Schaetzel v. Mercy Health Services-Iowa, Corp et al - Per #6 Minutes, Plt can email filings, No. 2:2017cv01007 - Document 49 (N.D. Iowa 2018)

Court Description: ORDER granting 42 Motion for Summary Judgment. The Clerk of Court is directed to enter judgment in favor of Mercy and against Plaintiff, and terminate all outstanding motions. The Final Pretrial Conference is canceled and the trial date is vacated. Signed by Judge Linda R Reade on 6/26/2018 (copy w/NEF ePlt). (skm)
Download PDF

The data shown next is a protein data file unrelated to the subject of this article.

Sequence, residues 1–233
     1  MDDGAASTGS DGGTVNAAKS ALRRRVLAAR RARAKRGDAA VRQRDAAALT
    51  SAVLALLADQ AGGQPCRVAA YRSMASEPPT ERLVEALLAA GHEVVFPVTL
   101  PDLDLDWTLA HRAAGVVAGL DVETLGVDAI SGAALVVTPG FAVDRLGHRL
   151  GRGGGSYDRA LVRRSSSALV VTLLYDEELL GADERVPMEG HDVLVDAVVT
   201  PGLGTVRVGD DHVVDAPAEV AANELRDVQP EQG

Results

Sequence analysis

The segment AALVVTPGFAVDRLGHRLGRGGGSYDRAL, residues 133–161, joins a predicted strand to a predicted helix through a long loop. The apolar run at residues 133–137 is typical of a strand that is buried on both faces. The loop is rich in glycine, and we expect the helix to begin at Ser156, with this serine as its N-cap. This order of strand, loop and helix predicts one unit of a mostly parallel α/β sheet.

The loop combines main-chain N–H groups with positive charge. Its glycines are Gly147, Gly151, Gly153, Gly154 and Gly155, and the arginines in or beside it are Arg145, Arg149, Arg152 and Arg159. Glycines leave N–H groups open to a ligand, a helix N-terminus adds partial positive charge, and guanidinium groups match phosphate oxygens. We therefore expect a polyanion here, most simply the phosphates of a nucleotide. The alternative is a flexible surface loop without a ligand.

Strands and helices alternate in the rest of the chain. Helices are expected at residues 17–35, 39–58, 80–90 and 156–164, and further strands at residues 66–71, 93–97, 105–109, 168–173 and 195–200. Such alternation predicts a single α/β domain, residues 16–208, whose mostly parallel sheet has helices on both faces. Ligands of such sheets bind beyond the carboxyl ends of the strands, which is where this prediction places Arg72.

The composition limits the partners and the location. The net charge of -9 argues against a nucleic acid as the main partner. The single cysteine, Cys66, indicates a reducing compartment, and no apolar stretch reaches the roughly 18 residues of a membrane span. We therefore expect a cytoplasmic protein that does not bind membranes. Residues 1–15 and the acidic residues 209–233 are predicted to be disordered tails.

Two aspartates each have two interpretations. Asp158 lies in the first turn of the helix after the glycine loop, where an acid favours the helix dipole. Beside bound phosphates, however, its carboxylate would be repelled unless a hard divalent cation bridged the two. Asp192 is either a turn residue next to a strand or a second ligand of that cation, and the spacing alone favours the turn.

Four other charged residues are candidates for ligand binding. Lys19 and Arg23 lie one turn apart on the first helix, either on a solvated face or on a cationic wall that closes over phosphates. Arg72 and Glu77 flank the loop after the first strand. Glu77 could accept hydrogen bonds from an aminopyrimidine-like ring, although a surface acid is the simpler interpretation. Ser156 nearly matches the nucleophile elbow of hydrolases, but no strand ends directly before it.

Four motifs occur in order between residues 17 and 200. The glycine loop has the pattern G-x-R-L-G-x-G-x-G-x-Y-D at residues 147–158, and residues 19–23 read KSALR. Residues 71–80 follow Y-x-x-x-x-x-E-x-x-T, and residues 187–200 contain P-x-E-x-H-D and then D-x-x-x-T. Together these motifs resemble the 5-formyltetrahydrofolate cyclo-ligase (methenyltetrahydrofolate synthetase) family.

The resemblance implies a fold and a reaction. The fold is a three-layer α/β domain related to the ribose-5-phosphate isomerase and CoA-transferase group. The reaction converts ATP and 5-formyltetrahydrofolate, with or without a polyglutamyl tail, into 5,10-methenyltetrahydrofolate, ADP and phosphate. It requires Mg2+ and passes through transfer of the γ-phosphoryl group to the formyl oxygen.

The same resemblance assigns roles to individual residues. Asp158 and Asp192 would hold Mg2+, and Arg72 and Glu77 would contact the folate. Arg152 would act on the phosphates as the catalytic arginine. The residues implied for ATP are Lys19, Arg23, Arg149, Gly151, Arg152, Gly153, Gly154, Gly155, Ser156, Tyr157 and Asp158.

Schaetzel v. Mercy Health Services-Iowa, Corp et al - Per #6 Minutes, Plt can email filings Doc. 49 IN THE UNITED STATES DISTRICT COURT FOR THE NORTHERN DISTRICT OF IOWA EASTERN DIVISION WILLIAM PAUL SCHAETZEL, Plaintiff, No. 17-CV-1007-LRR vs. ORDER MERCY HEALTH SERVICES-IOWA, CORP. and MERCY MEDICAL CENTER-DUBUQUE, Defendants. ____________________ TABLE OF CONTENTS I. INTRODUCTION . . . . . . . . . . . . . . . . . . . . . . . . . . . . . . . . . . . . . . . 2 II. RELEVANT PROCEDURAL HISTORY . . . . . . . . . . . . . . . . . . . . . . . . 2 III. SUBJECT MATTER JURISDICTION. . . . . . . . . . . . . . . . . . . . . . . . . . 2 IV. SUMMARY JUDGMENT STANDARD . . . . . . . . . . . . . . . . . . . . . . . . . 3 V. RELEVANT FACTUAL BACKGROUND . . . . . . . . . . . . . . . . . . . . . . . . 4 A. B. VI. The Parties . . . . . . . . . . . . . . . . . . . . . . . . . . . . . . . . . . . . . . . 4 Overview of the Dispute . . . . . . . . . . . . . . . . . . . . . . . . . . . . . . . 4 ANALYSIS. . . . . . . . . . . . . . . . . . . . . . . . . . . . . . . . . . . . . . . . . . . . 6 A. B. C. Count I: Defamation . . . . . . . . . . . . . . . . . . . . . . . . . . . . . . . . . 6 1 Parties’ arguments . . . . . . . . . . . . . . . . . . . . . . . . . . . . . . 7 2. Applicable law. . . . . . . . . . . . . . . . . . . . . . . . . . . . . . . . . 7 3. Application . . . . . . . . . . . . . . . . . . . . . . . . . . . . . . . . . . 8 a. Libel per se . . . . . . . . . . . . . . . . . . . . . . . . . . . . . . 9 b. Libel per quod . . . . . . . . . . . . . . . . . . . . . . . . . . . 10 Count II: Breach of Contract . . . . . . . . . . . . . . . . . . . . . . . . . . 11 1. Parties’ arguments . . . . . . . . . . . . . . . . . . . . . . . . . . . . . 11 2. Applicable law. . . . . . . . . . . . . . . . . . . . . . . . . . . . . . . . 12 3. Application . . . . . . . . . . . . . . . . . . . . . . . . . . . . . . . . . . 12 Count III: Interference with Contract . . . . . . . . . . . . . . . . . . . . . 13 1. Parties’ arguments . . . . . . . . . . . . . . . . . . . . . . . . . . . . . 13 Dockets.Justia.com 2. 3. VII. Applicable law. . . . . . . . . . . . . . . . . . . . . . . . . . . . . . . . 14 Application . . . . . . . . . . . . . . . . . . . . . . . . . . . . . . . . . . 15 CONCLUSION . . . . . . . . . . . . . . . . . . . . . . . . . . . . . . . . . . . . . . . . 16 I. INTRODUCTION The matter before the court is Defendant Mercy Health Services-Iowa, Corporation’s1 (“Mercy”) “Motion for Summary Judgment” (“Motion”) (docket no. 42). II. RELEVANT PROCEDURAL HISTORY On April 28, 2017, Plaintiff William Paul Schaetzel filed a Complaint (docket no. 1) against Defendants Mercy and Does 1-10 (collectively, “Defendants”) asserting the following claims: (1) defamation of character; (2) breach of contract; (3) injurious interference with contract; and (4) invasion of privacy. See Complaint at 3-6. On June 1, 2017, Mercy filed an Answer (docket no. 3) denying liability. On June 6, 2018, Schaetzel voluntarily dismissed Does 1-10 and Count IV of the Complaint. See June 6, 2018 Order (docket no. 48) at 1. On May 3, 2018, Mercy filed the Motion. On May 22, 2018, Schaetzel filed a Resistance (docket no. 46). On May 24, 2018, Mercy filed a Reply (docket no. 47). No party has requested oral argument and the court finds that oral argument is unnecessary. The matter is fully submitted and ready for decision. III. SUBJECT MATTER JURISDICTION The court has diversity jurisdiction over the claims because complete diversity exists between the parties and Schaetzel alleges that the amount in controversy exceeds $75,000. See 28 U.S.C. § 1332(a)(1) (“The district courts shall have original jurisdiction of all civil actions where the matter in controversy exceeds the sum or value of $75,000 . . . and is between . . . citizens of different States.”). Although listed as distinct defendants, the parties agree that Mercy Health Services-Iowa, Corporation is doing business as Mercy Medical Center-Dubuque. See Complaint ¶ 4; Motion at 1. Neither party has moved to amend the caption to correct this discrepancy. 1 2 IV. SUMMARY JUDGMENT STANDARD Summary judgment is appropriate “if the movant shows that there is no genuine dispute as to any material fact and the movant is entitled to judgment as a matter of law.” Fed. R. Civ. P. 56(a). “Summary judgment is proper ‘if the pleadings, the discovery and disclosure materials on file, and any affidavits show’” an absence of a genuine dispute as to a material fact. Torgerson v. City of Rochester, 643 F.3d 1031, 1042 (8th Cir. 2011) (en banc) (quotation omitted). “A dispute is genuine if the evidence is such that it could cause a reasonable jury to return a verdict for either party; a fact is material if its resolution affects the outcome of the case.” Amini v. City of Minneapolis, 643 F.3d 1068, 1074 (8th Cir. 2011) (citing Anderson v. Liberty Lobby, Inc., 477 U.S. 242, 248, 252 (1986)). “The movant ‘bears the initial responsibility of informing the district court of the basis for its motion,’ and must identify ‘those portions of [the record] . . . which it believes demonstrate the absence of a genuine issue of material fact.’” Torgerson, 643 F.3d at 1042 (alterations in original) (quoting Celotex Corp. v. Catrett, 477 U.S. 317, 323 (1986)). Once the movant has done so, “the nonmovant must respond by submitting evidentiary materials that set out ‘specific facts showing that there is a genuine issue for trial.’” Id. (quoting Celotex Corp., 477 U.S. at 324). On a motion for summary judgment, the court must view the facts “in the light most favorable to the nonmoving party.” Id. (quoting Ricci v. DeStefano, 557 U.S. 557, 586 (2009)). “Where the record taken as a whole could not lead a rational trier of fact to find for the nonmoving party, there is no genuine issue for trial,” and summary judgment is appropriate. Ricci, 557 U.S. at 586 (quoting Matsushita Elec. Indus. Co. v. Zenith Radio Corp., 475 U.S. 574, 587 (1986)). “The nonmovant ‘must do more than simply show that there is some metaphysical doubt as to the material facts’ . . . .” Torgerson, 643 F.3d at 1042 (quoting Matsushita, 475 U.S. at 586). Instead, “[t]o survive a motion for summary judgment, the nonmoving party must ‘substantiate his allegations with sufficient 3 probative evidence [that] would permit a finding in [his] favor based on more than mere speculation, conjecture, or fantasy.’” Barber v. C1 Truck Driver Training, LLC, 656 F.3d 782, 801 (8th Cir. 2011) (second and third alterations in original) (quoting Putman v. Unity Health Sys., 348 F.3d 732, 733-34 (8th Cir. 2003)). Mere “self-serving allegations and denials are insufficient to create a genuine issue of material fact.” Anuforo v. Comm’r of Internal Revenue, 614 F.3d 799, 807 (8th Cir. 2010). V. RELEVANT FACTUAL BACKGROUND Viewing the evidence in the light most favorable to the nonmoving party, and affording him all reasonable inferences, the uncontested material facts are as follows: A. The Parties Schaetzel is a resident of Douglas County, Kansas. Complaint ¶ 2. Mercy is an Iowa corporation doing business as Mercy Medical Center-Dubuque in Dubuque County, Iowa. Id. ¶ 4. B. Overview of the Dispute On April 17, 2015, the Iowa District Court for Dubuque County (“Iowa District Court”) awarded Schaetzel temporary guardianship of his father-in-law, Harold Lindstrom. Id. ¶ 12. On that same date, Lindstrom was admitted to Mercy for treatment. Id. ¶ 14. On April 26, 2015, Schaetzel visited Lindstrom at Mercy. Statement of Undisputed Material Facts (docket no. 42-2) ¶ 6. During this visit he “used a ballpoint pen to puncture the air valve” of Lindstrom’s feeding bottle. Appendix in Support of Motion (docket no. 42-3) at 18; see also Statement of Undisputed Facts ¶ 6. The attending nurse notified the nursing supervisor, Riley Miller, of what Schaetzel had done. Statement of Undisputed Material Facts ¶ 7. Schaetzel admitted to Nurse Miller that he had punctured the air valve and stated that he would not interfere further with hospital medical equipment. Id. ¶ 8. Nurse Miller subsequently documented both that Schaetzel had punctured Lindstrom’s air valve and the 4 conversation between himself and Schaetzel in Lindstrom’s medical records. Id. ¶¶ 9-10. The statement reads in its entirety: Nursing staff phoned House Supervisor to speak to [Schaetzel] regarding [his] interruption and manipulation of the patient’s tube feeding. When I approached [Schaetzel] two young women were scratching his head as if [he] were a dog and he was kicking his legs and giggling. I introduced myself and asked [Schaetzel] if he was interrupting the administration of the tube feeding. He readily admitted with a smile that he, “was a physician,” that he, “is a type-a personality,” that he “wanted it to go faster,” that he, “thought it wasn’t going fast enough,” that he, “did think there was a vacuum within the bottle and so he punctured it and then all of the fluid started to . . . come out.” I asked [Schaetzel] if he understood that was not acceptable. He said, “Yes, I shouldn’t have done that.” I asked [Schaetzel] if he intended to do that if he understood that was not acceptable. He said, “Yes, I shouldn’t have done that.” I asked [Schaetzel] if he intended to do that again. He said, “No, I won’t.” I asked [him] if he knew what to do in the future should he have any questions about the tube feeding infusion or think something ought to be done differently with the infusion. He said, “I suppose I could call the nurse, but . . . ok, I’ll call the nurse in the future.” [Schaetzel] then asked if we could please increase the rate of the tube feeding so that [Lindstrom] could get more tube feeding, “because he’s been malnourished for so long.” I explained that we do want to prevent the risk of aspiration[,] pneumonia, and suffocation and drowning by way of tube feeding, to which [Schaetzel] responded, “Yes, yes, yes, I understand all of that; after all, I am a physician.” I thanked [Schaetzel] for his time and parted. Appendix in Support of Motion at 41. On April 28, 2015, Schaetzel contacted Mercy’s pharmacy and spoke with an employee, Dr. Kate Kurt, regarding “the accuracy of the pumped feedings being administered to” Lindstrom. Complaint ¶¶ 30-31. Schaetzel asked to be transferred to the dietary department. Id. ¶ 31. Schaetzel contends that Dr. Kurt offered to contact the 5 dietary department herself, but never did so. Id. ¶¶ 32-33. On May 1, 2015, a hearing was held in the Iowa District Court to determine whether Lindstrom continued to require a guardian. Appendix in Support of Motion at 42. On May 4, 2015, the Iowa District Court determined “that the temporary guardianship [was] in contravention of [Lindstrom’s] wishes” and concluded that the temporary guardianship was no longer necessary. Id. at 43. Accordingly, the Iowa District Court granted a motion to terminate the temporary guardianship and removed Schaetzel from his position as temporary guardian. Id. at 43-44. VI. ANALYSIS The Complaint contains three remaining claims. In Count I, Schaetzel alleges that Nurse Miller “falsely documented [a] conversation and [Schaetzel’s] actions in the medical record” which “defamed [him] and cast him in a false light.” Complaint ¶¶ 24-25. In Count II, Schaetzel contends that Dr. Kurt breached an oral contract made with Schaetzel wherein Dr. Kurt agreed to contact the dietary department regarding Lindstrom’s feedings. Id. ¶¶ 31-33, 36. In Count III, Schaetzel asserts a claim of injurious interference with contract. Id. ¶¶ 39-44. The court shall address each claim in turn. A. Count I: Defamation Schaetzel alleges that Nurse Miller “falsely documented [a] conversation and [Schaetzel’s] actions in the medical record” which “defamed [him] and cast him in a false light.”2 Id. ¶¶ 24-25. He asserts that, as a result, his “personal and professional reputation . . . was severely damaged.” Id. ¶ 25. Schaetzel further asserts that he was “questioned about his manipulation of the feeding solution” at the May 1, 2015 hearing on Although Schaetzel includes the term “false light” within his defamation claim in Count I, he does not assert that including this term is intended to constitute a distinct claim. See generally Complaint. Nor does Schaetzel argue in his Resistance that he is raising a separate “false light” claim. See Resistance at 2. Therefore, the court shall address Count I exclusively as a defamation claim. 2 6 the temporary guardianship, after which the Iowa District Court terminated the temporary guardianship. Id. ¶¶ 26-28. 1. Parties’ arguments Mercy contends that it is entitled to summary judgment on Schaetzel’s defamation claim. Mercy argues that the statement does not constitute defamation per se and that, therefore, “Schaetzel must prove [that] he sustained actual damages.” Brief in Support of Motion (docket no. 42-1) at 1-3. Mercy asserts that Schaetzel is unable to establish that he suffered any reputational harm due to Nurse Miller’s note and, thus, his claim fails as a matter of law. Id. at 3. Schaetzel contends that the statements contained in Nurse Miller’s note constitute defamation per se and, therefore, injury is presumed. See Resistance at 2. 2. Applicable law “Defamation includes the twin torts of libel and slander. Libel involves written statements, while slander involves oral statements.” Bierman v. Weier, 826 N.W.2d 436, 444 (Iowa 2013) (quoting Kiesau v. Bantz, 686 N.W.2d 164, 174 (Iowa 2004) overruled on other grounds by Alcala v. Marriott Int’l, Inc., 880 N.W.2d 699 (Iowa 2016)). “Iowa courts recognize two types of libel: ‘libel per se and libel per quod.’” Doe v. Hagar, 765 F.3d 855, 860 (8th Cir. 2014) (quoting Schlegel v. Ottumwa Courier, Inc., 585 N.W.2d 217, 222 (Iowa 1998)). “Statements that have ‘a natural tendency to provoke the plaintiff to wrath or expose him to public hatred, contempt, or ridicule, or to deprive him of the benefit of public confidence or social intercourse’ are defamatory as a matter of law and can give rise to a claim for libel per se.” Id. at 860-61 (quoting Johnson v. Nickerson, 542 N.W.2d 506, 510 (Iowa 1996)). “Statements qualifying as libel per se have been described in four general categories: ‘imputation of (1) certain indictable crimes, (2) loathsome disease, (3) incompetence in occupation, and (4) unchastity.’” Home Show Tours, Inc. v. Quad City Virtual, Inc., 827 F. Supp. 2d 924, 941 (S.D. Iowa 2011) 7 (quoting Barreca v. Nickolas, 683 N.W.2d 111, 116 (Iowa 2004)). “In statements that are libelous per se, falsity, malice, and injury are presumed and proof of these elements is not necessary.” Doe, 765 F.3d at 861 (quoting Kiesau, 686 N.W.2d at 175). “On the other hand, ‘[a] statement is libelous per quod if it is necessary to refer to facts or circumstances beyond the words actually used to establish the defamation.’” Sykes v. Hengel, 394 F. Supp. 2d 1062, 1072 (S.D. Iowa 2005) (alteration in original) (quoting Johnson, 542 N.W.2d at 510). To establish a prima facie case of libel per quod, “the plaintiff must show the defendant ‘(1) published a statement that (2) was defamatory (3) of and concerning the plaintiff, and (4) resulted in injury to the plaintiff.’” Kiesau, 686 N.W.2d at 175 (quoting Johnson, 542 N.W.2d at 510). “[A] plaintiff must prove that [the] defamatory statements were false, made with malice, and caused damage.” Huegerich v. IBP, Inc., 547 N.W.2d 216, 221 (Iowa 1996). “The truth of the statement is an absolute defense.” Id.; see also King v. Sioux City Radiological Grp., P.C., 985 F. Supp. 869, 878 (N.D. Iowa 1997) (stating that “the truth of the libelous statements remains as an absolute defense to liability for those statements even if the statements constitute libel per se” (citations omitted)). 3. Application Schaetzel does not specify which particular statements in the note are allegedly defamatory. See generally Complaint. In the Complaint, Schaetzel highlights questioning regarding “his manipulation of the feeding solution, and the events as recorded . . . by [Nurse] Miller” during the May 1, 2015 hearing before the Iowa District Court. Id. ¶ 27. In the Resistance, Schaetzel points specifically to the statement that “when [Nurse Miller] approached [Schaetzel] two young women were scratching his head as if [he] were a dog and he was kicking his legs and giggling.” Resistance at 2. Therefore, the court shall address each of these statements in turn. 8 a. Libel per se The court finds that Nurse Miller’s statements about his conversation with Schaetzel regarding Schaetzel’s admitted manipulation of the feeding bottle do not constitute libel per se. The statements include Schaetzel’s admission that he “did think there was a vacuum within the bottle and so he punctured it.” Appendix in Support of Motion at 41. However, these statements do not have “a natural tendency to . . . expose [Schaetzel] to public hatred, contempt, or ridicule” as is required to establish libel per se. Johnson, 542 N.W.2d at 510 (quoting Prewitt v. Wilson, 103 N.W. 365, 367 (Iowa 1905)). The statements simply recount Schaetzel’s admission that he punctured the feeding bottle and his explanation for so doing. Additional context would be necessary to impute any defamatory meaning to these statements. Compare Suntken v. Den Ouden, 548 N.W.2d 164, 166-67 (Iowa Ct. App. 1996) (finding derogatory comments written on the face of three checks stating “child support,” “unemployment ex-wife,” “breast implants” and “psycho” were not libel per se), and Galloway v. Zuckert, 447 N.W.2d 553, 555 (Iowa Ct. App. 1989) (concluding that the statements “that [the defendant] was not able to do business with [the plaintiff] ‘on a handshake’ or that he did ‘an about-face,’” were not libel per se because they were “not synonymous with calling the [plaintiff] a liar nor do they impute dishonesty to any great degree”), with McFarland v. McFarland, 684 F. Supp. 2d 1073, 1087 (N.D. Iowa 2010) (concluding that “an email communication [sent] to over 300 households” which accused the plaintiff “of being physically abusive” was libel per se), and Spencer v. Spencer, 479 N.W.2d 293, 296 (Iowa 1991) (“It is libel per se to make published statements accusing a person of being a liar, a cheater, or thief.”), and Vinson v. Linn-Mar Cmty. Sch. Dist., 360 N.W.2d 108, 115-16 (Iowa 1984) (accusing plaintiff of falsifying time cards is libel per se). The statements alone do not “attack . . . the integrity and moral character of” Schaetzel. Vinson, 360 N.W.2d at 116. Therefore, the court shall address the statements as libel per quod. 9 As to Nurse Miller’s statement that “two young women were scratching [Schaetzel’s] head as if [he] were a dog and he was kicking his legs and giggling,” the court finds that this statement does not constitute libel per se. Appendix in Support of Motion at 41. Even assuming, as Schaetzel contends, that these words “were intentionally chosen to ridicule [him],” that is insufficient to render statements libel per se. Resistance at 2. The statement does not have “a natural tendency to . . . expose [Schaetzel] to public hatred, contempt, or ridicule.” Johnson, 542 N.W.2d at 510 (quoting Prewitt, 103 N.W. at 367). That Schaetzel may personally have considered the statement to be embarrassing is insufficient to render it libel per se. See, e.g., Suntken, 548 N.W.2d at 169 (“Statements which are merely annoying or embarrassing . . . are not defamatory.”) (Habhab, J., specially concurring) (emphasis and quotation omitted). Further, Schaetzel’s Resistance demonstrates that additional context is necessary to impute any defamatory connotation to this statement. See Bierman, 826 N.W.2d at 444 (“[A] statement would be deemed libel per quod where the words in themselves were not considered sufficiently harmful to the plaintiff without further context.”). Therefore, the court shall address both statements as a libel per quod claim. b. Libel per quod As stated above, libel per quod requires the plaintiff to show that the defendant made defamatory statements that “resulted in injury to the plaintiff.” Kiesau, 686 N.W.2d at 175 (quoting Johnson, 542 N.W.2d at 510). The court finds that Schaetzel has failed to establish a genuine issue of material fact as to whether he was injured by Nurse Miller’s allegedly defamatory statements. In the Complaint, Schaetzel contends that, as a result of the allegedly defamatory statements, his “personal and professional reputation . . . was severely damaged.” Complaint ¶ 25. However, as noted by Mercy, Schaetzel admits that he is not aware of any Mercy employee who actually read the note and no person has ever told him that they read the note. See Appendix in Support of Motion at 23. Rather, 10 Schaetzel simply relies on his unsubstantiated belief that his sisters-in-law may have read the statement. See id. at 24-45. Schaetzel cannot point to any “transmission of [the] derogatory statements.” See Kiseau, 686 N.W.2d at 175. Further, any dissemination of the statement solely by Schaetzel cannot constitute defamation. See Appendix in Support of Motion at 28 (stating that Schaetzel told his wife about the contents of the statement); see also Thomas v. St. Luke’s Health Sys., Inc., 869 F. Supp. 1413, 1442 (N.D. Iowa 1994) (“Where there is no communication to the general public, but instead the statements are made only to the plaintiff, and the plaintiff disseminates the statements, there is no defamation.”). Schaetzel points the court to no evidence establishing a cognizable injury that would permit a finding in his favor. See Kiesau, 686 N.W.2d at 175 (“In cases of libel per quod, ‘a plaintiff must ordinarily prove some sort of cognizable injury, such as injury to reputation.’” (quoting Johnson, 542 N.W.2d at 513)). Schaetzel has presented no evidence save his own self-serving statements that his reputation was denigrated as a result of the allegedly defamatory statements. See id. (“Defamation is an impairment of a relational interest; it denigrates the opinion which others in the community have of the plaintiff and invades the plaintiff’s interest in his reputation and good name.” (quoting Schlegel, 585 N.W.2d at 221)). Nor does Schaetzel point to any impairment in his relational interests. Without any substantiating evidence, Schaetzel’s claim cannot survive summary judgment. Accordingly, the court shall grant the Motion as to Count I. B. Count II: Breach of Contract Schaetzel contends that Dr. Kurt breached an oral contract made with Schaetzel wherein Dr. Kurt agreed to contact the dietary department regarding Lindstrom’s feedings. Complaint ¶¶ 31-33. 1. Parties’ arguments Mercy contends that it is entitled to summary judgment on the breach of contract 11 claim because it pertains to a “contract[] to which [Schaetzel]—as an individual—was not a party.”3 Brief in Support of Motion at 4. Mercy asserts that any claim under this contract is “personal to Lindstrom’s estate, [and] any action based upon [it] would need to be brought by a representative of the estate.” Id. at 5. Mercy argues that, because Schaetzel was not a party to the contract and brought this action in his individual capacity, he “lacks capacity to bring forth” this claim. Id. Schaetzel contends that when he entered into the contract he “was not acting as [Lindstrom’s] guardian but rather as an interested party as a relative . . . who cares for their loved one.” Resistance at 2. Therefore, Schaetzel asserts that he is the proper party to bring this claim. 2. Applicable law “[T]he federal court is bound by state law in determining the capacity of an individual to sue in a representative capacity.” Mann v. De Moss, 323 F. Supp. 1126, 1127 (S.D. Iowa 1971). Thus, the law of the state of Iowa governs the determination of whether Schaetzel has the capacity to bring an action for breach of the alleged contract under Count II. “A party must have the capacity to sue in order to commence and maintain a lawsuit.” Estate of Dyer v. Krug, 533 N.W.2d 221, 223 (Iowa 1995). The “test for standing is that ‘the complaining party have a specific, personal, and legal interest in the litigation, and be injuriously affected.’” Huffey v. Lea, 491 N.W.2d 518, 522 (Iowa 1992) (quoting Hawkeye Bancorporation v. Iowa Coll. Aid Comm’n, 360 N.W.2d 798, 801 (Iowa 1985)). 3. Application Schaetzel does not dispute that he “brings this suit as an individual and not as the authorized representative of . . . Lindstrom’s estate.” Statement of Undisputed Facts ¶ 4; Mercy does not dispute that the phone call between Schaetzel and Dr. Kurt constituted an oral contract. While the court is dubious that this conversation can be construed as an oral contract, it shall assume an oral contract existed since the issue is undisputed. 3 12 Response to Statement of Undisputed Facts (docket no. 45) ¶ 4. He does, however, contend that “[t]he agreement for the breach of contract claim” at issue in Count II “was between [himself] and Dr. Kurt.” Response to Statement of Undisputed Facts ¶ 18. Schaetzel states that Lindstrom “was to be the beneficiary of [the] verbal contract.” Id. Schaetzel’s contention is undermined by his own sworn statements. Schaetzel stated that he and Dr. Kurt were parties to the contract, but subsequently clarified that when he referred to himself he “mean[t] in [his] capacity as the guardian of [his] father-in-law.” Appendix in Support of Motion at 31. Schaetzel has presented no evidence, save his own self-serving statements, to establish that he entered into the contract in his individual capacity rather than in his capacity as guardian for Lindstrom. Since Schaetzel does not bring this claim on Lindstrom’s behalf, it fails as a matter of law. Accordingly, the court shall grant the Motion as to Count II. C. Count III: Interference with Contract Schaetzel asserts a claim of injurious interference with contract. Complaint ¶¶ 3844. Schaetzel contends that the court order appointing him temporary guardian of Lindstrom constituted a contract between himself and the Iowa District Court.4 See Resistance at 3. He further asserts that Mercy interfered with this contract by allegedly communicating ex parte with the Iowa District Court, causing the Iowa District Court to deny his request to transfer Lindstrom to a different hospital. Complaint ¶¶ 41-43. 1. Parties’ arguments Mercy contends that it is entitled to summary judgment on this claim because “[t]he type of distress Schaetzel seeks damages for does not constitute severe emotional Mercy does not challenge Schaetzel’s claim that the guardianship order constitutes a contract. Although the court doubts that the Iowa District Court’s guardianship order constituted a contract between the Iowa District Court and Schaetzel, it shall not address the issue because it is not raised by the parties. 4 13 distress.”5 Brief in Support of Motion at 5 (quotations omitted). Schaetzel contends that he was harmed by the events alleged in Count III in that they “weighed heavily on [his] heart.” Statement of Undisputed Facts ¶ 27 (alteration in original); see also Resistance to Statement of Undisputed Facts ¶ 27. 2. Applicable law Under Iowa law, “[i]f the defendant induces or otherwise causes [a] third person not to perform the contract, the defendant is liable to the other person (plaintiff) for damages from the failure of the third person to perform the contract.” RTL Distrib., Inc. v. Double S Batteries, Inc., 545 N.W.2d 587, 590 (Iowa Ct. App. 1996); see also Restatement (Second) of Torts § 766 (“One who intentionally and improperly interferes with the performance of a contract . . . between another and a third person by inducing or otherwise causing the third person not to perform the contract, is subject to liability to the other for the pecuniary loss resulting to the other from the failure of the third person to perform the contract.”). The elements of a claim of intentional interference with a contract are: (1) plaintiff had a contract with a third-party; (2) defendant knew of the contract; (3) defendant intentionally and improperly interfered with the contract; (4) the interference caused the third-party not to perform, or made performance more burdensome or expensive; and (5) damage to the plaintiff resulted. Mercy also contends that it is entitled to summary judgment on this claim because Schaetzel “lacks the capacity to bring suit” since the contract upon which the claim is based “was between Schaetzel—as Lindstrom’s agent—and Mercy.” Brief in Support of Motion 3-4. However, Mercy’s representation as to the contract’s parties is belied by the record. See Appendix at 32 (“The contract that I had with the court in guardianship of the ward.”); see also Resistance at 3 (stating that the “contract referred to [in Count III] involves the appointment by the [Iowa] District Court of temporary guardianship”). Because Schaetzel alleges that the contract was between himself and the Iowa District Court, Mercy’s argument does not provide a basis to grant the motion. 5 14 Green v. Racing Ass’n of Cent. Iowa, 713 N.W.2d 234, 243 (Iowa 2006) (quoting Gibson v. ITT Hartford Ins. Co., 621 N.W.2d 388, 399 (Iowa 2001)). “Iowa law permits the award of damages for emotional distress in an action for intentional interference with contract.” In re Knickerbocker, 827 F.2d 281, 291 (8th Cir. 1987); see also Peterson v. First Nat’l Bank of Iowa, 392 N.W.2d 158, 167 (Iowa Ct. App. 1986) (distinguishing between “a theory of intentional infliction of emotional distress” and “tort theories under which damages could be awarded for emotional distress”). 3. Application Assuming, without deciding, that the Iowa District Court’s guardianship order constituted a contract between the Iowa District Court and Schaetzel, the court finds that Schaetzel has failed to present evidence that he suffered damage as a result of Mercy’s alleged interference. Schaetzel does not point to any evidence supporting his assertion of emotional distress. Rather, Schaetzel admits that “the full extent of [his] emotional distress as a consequence of the events alleged in Count III,” and thus the full extent of his alleged damages, “is that [the events] ‘weighed heavily on [his] heart.’” Statement of Undisputed Facts ¶ 27 (second alteration in original); see also Resistance to Statement of Undisputed Facts ¶ 27. Although emotional distress damages are permissible, the court finds that Schaetzel’s assertion that the alleged interference weighed heavily on his heart is insufficient to establish a genuine issue of material fact as to the existence of damages for emotional distress. Compare In re Knickerbocker, 827 F.2d at 291 (concluding that the plaintiff’s “general testimony regarding strain on the entire family [was], without more, insufficient to support an award of damages for emotional distress”) with Nesler v. Fisher & Co., 452 N.W.2d 191, 199-200 (Iowa 1990) (concluding that “[t]here was sufficient evidence . . . from which a jury could conclude that [the plaintiff] suffered severe emotional distress from the interference” with the contract where the “evidence showed 15 that [the plaintiff] experienced marital difficulties, depression, and that he attempted suicide”). Since Schaetzel cannot establish that he suffered damages as a result of the alleged interference, his claim fails as a matter of law. Accordingly, the court shall grant the Motion as to Count III. VII. CONCLUSION For the foregoing reasons, it is hereby ORDERED: (1) Mercy’s Motion for Summary Judgment (docket no. 42) is GRANTED; (2) The Clerk of Court is DIRECTED to enter judgment in favor of Mercy and against Plaintiff William Paul Schaetzel; and (3) The Clerk of Court is DIRECTED to terminate all outstanding motions. The Final Pretrial Conference is CANCELED and the trial date is VACATED. IT IS SO ORDERED. DATED this 26th day of June, 2018. 16